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juridical

[joo-rid-i-kuh l]
adjective
  1. of or relating to the administration of justice.
  2. of or relating to law or jurisprudence; legal.
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Also ju·rid·ic.

Origin of juridical

1495–1505; < Latin jūridic(us) (jūri-, combining form of jūs law + dic-, base of dīcere to say, dictate) + -al1
Related formsju·rid·i·cal·ly, adverbnon·ju·rid·ic, adjectivenon·ju·rid·i·cal, adjectivenon·ju·rid·i·cal·ly, adverbsem·i·ju·rid·ic, adjectivesem·i·ju·rid·i·cal, adjectivesem·i·ju·rid·i·cal·ly, adverbun·ju·rid·ic, adjectiveun·ju·rid·i·cal, adjectiveun·ju·rid·i·cal·ly, adverb
Dictionary.com Unabridged Based on the Random House Unabridged Dictionary, © Random House, Inc. 2018

Examples from the Web for juridic

Historical Examples of juridic


British Dictionary definitions for juridic

juridical

juridic

adjective
  1. of or relating to law, to the administration of justice, or to the office or function of a judge; legal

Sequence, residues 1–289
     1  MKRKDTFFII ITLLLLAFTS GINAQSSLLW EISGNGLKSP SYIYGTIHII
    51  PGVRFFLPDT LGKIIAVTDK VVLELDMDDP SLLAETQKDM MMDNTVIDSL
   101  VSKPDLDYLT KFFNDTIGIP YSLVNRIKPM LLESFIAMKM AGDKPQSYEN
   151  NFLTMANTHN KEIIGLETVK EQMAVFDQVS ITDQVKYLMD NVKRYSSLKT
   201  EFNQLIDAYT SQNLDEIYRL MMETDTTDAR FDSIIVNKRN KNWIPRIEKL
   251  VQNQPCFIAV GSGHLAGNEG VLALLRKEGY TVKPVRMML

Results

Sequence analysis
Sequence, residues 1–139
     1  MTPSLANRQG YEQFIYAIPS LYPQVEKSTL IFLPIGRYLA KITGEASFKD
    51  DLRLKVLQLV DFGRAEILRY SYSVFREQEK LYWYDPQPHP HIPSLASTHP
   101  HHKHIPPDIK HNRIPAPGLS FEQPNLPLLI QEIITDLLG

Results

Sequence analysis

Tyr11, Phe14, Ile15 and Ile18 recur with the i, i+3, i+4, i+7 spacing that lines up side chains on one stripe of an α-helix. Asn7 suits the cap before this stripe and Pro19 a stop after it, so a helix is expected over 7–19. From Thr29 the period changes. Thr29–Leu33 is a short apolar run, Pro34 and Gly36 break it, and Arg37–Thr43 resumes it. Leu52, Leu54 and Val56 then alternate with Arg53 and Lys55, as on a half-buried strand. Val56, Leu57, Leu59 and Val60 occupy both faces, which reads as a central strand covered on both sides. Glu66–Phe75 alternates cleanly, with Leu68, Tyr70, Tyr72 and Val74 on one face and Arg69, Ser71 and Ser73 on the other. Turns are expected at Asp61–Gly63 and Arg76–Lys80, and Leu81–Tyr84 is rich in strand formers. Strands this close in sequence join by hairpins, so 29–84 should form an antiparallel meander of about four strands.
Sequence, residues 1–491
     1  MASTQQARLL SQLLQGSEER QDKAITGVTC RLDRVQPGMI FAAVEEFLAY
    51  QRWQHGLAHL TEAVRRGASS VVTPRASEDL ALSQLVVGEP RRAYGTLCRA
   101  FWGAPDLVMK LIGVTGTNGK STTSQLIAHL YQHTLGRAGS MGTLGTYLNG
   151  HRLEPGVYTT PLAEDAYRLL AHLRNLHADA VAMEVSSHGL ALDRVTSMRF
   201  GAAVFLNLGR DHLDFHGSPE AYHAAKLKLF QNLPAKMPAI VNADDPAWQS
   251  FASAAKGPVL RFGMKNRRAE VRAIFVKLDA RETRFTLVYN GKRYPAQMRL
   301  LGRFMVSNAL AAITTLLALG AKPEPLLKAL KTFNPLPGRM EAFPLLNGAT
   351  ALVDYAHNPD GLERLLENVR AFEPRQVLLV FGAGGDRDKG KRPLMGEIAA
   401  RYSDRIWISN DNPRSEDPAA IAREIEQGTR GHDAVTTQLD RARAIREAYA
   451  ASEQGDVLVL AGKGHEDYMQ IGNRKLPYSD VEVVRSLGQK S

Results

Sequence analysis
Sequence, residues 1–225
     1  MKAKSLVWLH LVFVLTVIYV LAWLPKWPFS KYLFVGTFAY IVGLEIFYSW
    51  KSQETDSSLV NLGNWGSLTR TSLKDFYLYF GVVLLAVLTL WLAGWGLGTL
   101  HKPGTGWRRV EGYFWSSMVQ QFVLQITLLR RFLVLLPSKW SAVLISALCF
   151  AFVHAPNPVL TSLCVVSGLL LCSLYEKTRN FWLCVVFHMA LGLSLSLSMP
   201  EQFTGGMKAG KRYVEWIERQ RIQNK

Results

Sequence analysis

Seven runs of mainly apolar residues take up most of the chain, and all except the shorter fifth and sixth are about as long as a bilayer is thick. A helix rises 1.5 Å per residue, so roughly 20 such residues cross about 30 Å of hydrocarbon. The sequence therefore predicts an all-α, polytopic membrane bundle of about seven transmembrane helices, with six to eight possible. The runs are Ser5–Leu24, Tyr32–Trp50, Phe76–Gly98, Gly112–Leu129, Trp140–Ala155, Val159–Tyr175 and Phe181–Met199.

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Derived Formsjuridically, adverb

Word Origin for juridical

C16: from Latin jūridicus, from iūs law + dicere to say
Collins English Dictionary - Complete & Unabridged 2012 Digital Edition © William Collins Sons & Co. Ltd. 1979, 1986 © HarperCollins Publishers 1998, 2000, 2003, 2005, 2006, 2007, 2009, 2012

Word Origin and History for juridic

juridical

adj.

c.1500, from Latin iuridicalis "relating to right; pertaining to justice," from iuridicus, from ius "right, law" (genitive iuris; see jurist) + dicere "to say, to speak" (see diction). Related: Juridically.

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Online Etymology Dictionary, © 2010 Douglas Harper